In a recent circular, the World Health Organization (WHO) enumerated the importance of reducing sugar consumption to no more that 10 percent daily.
Therefore, the organization has encouraged all countries of the world to place a heavy tax on soda and other sugary drinks so that people will no longer buy them as often as before.
In their report, WHO calls for a systematic review of policies aimed at improving diet and preventing lifestyle diseases such as obesity and diabetes. They said strong evidence shows that effect taxing of sugar-sweetened beverages by 20-50% would reduce consumption.
According to Dr. Douglas Bettcher, director of the WHO’s Department for the Prevention of Noncommunicable Diseases, ‘consumption of free sugars, including products like sugary drinks, is a major factor in the global increase of people suffering from obesity and diabetes’.
However, this does not include intrinsic sugars, which are naturally present in foods such as whole fresh fruits and vegetables.
“If governments tax products like sugary drinks, they can reduce suffering and save lives. They can also cut healthcare costs and increase revenues to invest in health services.”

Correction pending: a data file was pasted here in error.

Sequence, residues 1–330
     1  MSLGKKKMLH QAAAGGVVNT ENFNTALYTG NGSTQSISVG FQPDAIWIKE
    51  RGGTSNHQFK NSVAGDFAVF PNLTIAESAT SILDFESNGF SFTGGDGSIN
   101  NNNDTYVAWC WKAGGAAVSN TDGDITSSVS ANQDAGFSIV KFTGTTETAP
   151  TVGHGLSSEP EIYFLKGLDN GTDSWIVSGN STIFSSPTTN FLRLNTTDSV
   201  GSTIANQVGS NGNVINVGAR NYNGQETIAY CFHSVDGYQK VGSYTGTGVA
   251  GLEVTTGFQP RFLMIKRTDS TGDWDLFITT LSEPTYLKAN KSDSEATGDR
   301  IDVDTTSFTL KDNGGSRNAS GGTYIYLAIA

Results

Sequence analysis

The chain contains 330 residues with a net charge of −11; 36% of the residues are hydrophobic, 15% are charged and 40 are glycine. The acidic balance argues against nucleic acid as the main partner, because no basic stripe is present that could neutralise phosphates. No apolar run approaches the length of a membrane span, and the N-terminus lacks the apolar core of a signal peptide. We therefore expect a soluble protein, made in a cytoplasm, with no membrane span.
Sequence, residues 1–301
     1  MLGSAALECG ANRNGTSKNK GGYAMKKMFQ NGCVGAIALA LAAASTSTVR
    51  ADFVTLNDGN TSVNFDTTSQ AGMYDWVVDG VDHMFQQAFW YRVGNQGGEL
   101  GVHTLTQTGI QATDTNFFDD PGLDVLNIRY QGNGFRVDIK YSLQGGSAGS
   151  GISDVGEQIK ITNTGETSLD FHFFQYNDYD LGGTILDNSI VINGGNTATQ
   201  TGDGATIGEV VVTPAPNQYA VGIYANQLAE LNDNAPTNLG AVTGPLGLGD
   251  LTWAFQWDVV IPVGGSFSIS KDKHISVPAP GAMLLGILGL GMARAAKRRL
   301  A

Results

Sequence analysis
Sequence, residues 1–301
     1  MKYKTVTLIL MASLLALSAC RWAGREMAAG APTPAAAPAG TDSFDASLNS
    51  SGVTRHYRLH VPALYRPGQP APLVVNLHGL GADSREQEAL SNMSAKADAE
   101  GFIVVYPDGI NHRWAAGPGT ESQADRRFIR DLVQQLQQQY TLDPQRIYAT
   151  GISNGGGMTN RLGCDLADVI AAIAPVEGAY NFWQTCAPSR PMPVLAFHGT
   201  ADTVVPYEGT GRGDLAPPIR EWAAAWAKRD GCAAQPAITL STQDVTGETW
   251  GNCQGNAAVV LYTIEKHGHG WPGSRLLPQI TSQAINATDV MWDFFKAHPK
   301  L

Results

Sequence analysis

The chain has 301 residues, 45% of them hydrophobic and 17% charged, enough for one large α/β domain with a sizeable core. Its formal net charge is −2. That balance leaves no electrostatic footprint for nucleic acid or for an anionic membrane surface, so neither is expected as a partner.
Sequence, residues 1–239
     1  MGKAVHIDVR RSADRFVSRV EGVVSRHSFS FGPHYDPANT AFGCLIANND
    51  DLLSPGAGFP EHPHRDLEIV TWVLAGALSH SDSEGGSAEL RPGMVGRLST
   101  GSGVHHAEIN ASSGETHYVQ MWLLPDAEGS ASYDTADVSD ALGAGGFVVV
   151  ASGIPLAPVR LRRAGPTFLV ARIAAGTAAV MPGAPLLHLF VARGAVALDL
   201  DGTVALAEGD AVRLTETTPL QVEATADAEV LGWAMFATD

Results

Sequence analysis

This report from WHO obviously didn’t sit well with the International Council of Beverages Associations, which represents soda companies and other beverage-makers around the globe. They contradicted the report quote with an ICBA release, which said:
“We strongly disagree with the committee’s recommendation to tax beverages, as it is an unproven idea that has not been shown to improve public health based on global experiences to date.”
Meanwhile, researchers documented a decline in sales of sugary drinks in countries Mexico after a tax was passed in 2014, and in 2015, researchers at George Washington University and the Harvard School of Public Health published a 10-year estimate of the health impacts of a 1-cent-per-ounce tax on sugary drinks in Philadelphia, USA.
The researchers further expect prevention of about 12,000 cases of obesity by the end of the 10-year period, as well as $65 million in health care cost savings over the 10-year period.
Now the question is, will Kenya ever withdraw sugary beverages from stores?